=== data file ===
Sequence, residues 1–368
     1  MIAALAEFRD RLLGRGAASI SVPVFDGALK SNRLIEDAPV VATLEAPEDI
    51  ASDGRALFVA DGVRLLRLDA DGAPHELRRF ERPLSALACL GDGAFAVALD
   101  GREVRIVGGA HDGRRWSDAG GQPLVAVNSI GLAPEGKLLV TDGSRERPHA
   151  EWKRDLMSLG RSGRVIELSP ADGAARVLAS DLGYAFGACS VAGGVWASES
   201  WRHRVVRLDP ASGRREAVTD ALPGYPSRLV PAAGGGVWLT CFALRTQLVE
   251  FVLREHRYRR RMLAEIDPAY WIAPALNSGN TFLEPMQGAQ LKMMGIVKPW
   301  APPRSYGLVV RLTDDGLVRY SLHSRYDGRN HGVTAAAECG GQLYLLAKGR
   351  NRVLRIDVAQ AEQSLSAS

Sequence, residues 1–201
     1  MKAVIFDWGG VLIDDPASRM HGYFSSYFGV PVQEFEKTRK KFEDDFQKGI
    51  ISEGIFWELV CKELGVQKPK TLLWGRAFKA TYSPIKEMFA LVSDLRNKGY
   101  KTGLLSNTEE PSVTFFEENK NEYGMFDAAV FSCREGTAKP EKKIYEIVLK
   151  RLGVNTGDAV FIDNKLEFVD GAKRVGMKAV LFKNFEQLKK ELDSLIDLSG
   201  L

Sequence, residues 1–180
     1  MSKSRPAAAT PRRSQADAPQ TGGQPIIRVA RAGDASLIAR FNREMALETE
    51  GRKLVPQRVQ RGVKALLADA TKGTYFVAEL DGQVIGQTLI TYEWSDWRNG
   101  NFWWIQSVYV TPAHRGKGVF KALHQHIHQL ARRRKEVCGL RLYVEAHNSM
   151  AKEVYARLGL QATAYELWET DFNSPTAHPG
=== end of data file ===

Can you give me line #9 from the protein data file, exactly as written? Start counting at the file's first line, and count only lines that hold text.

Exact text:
   351  NRVLRIDVAQ AEQSLSAS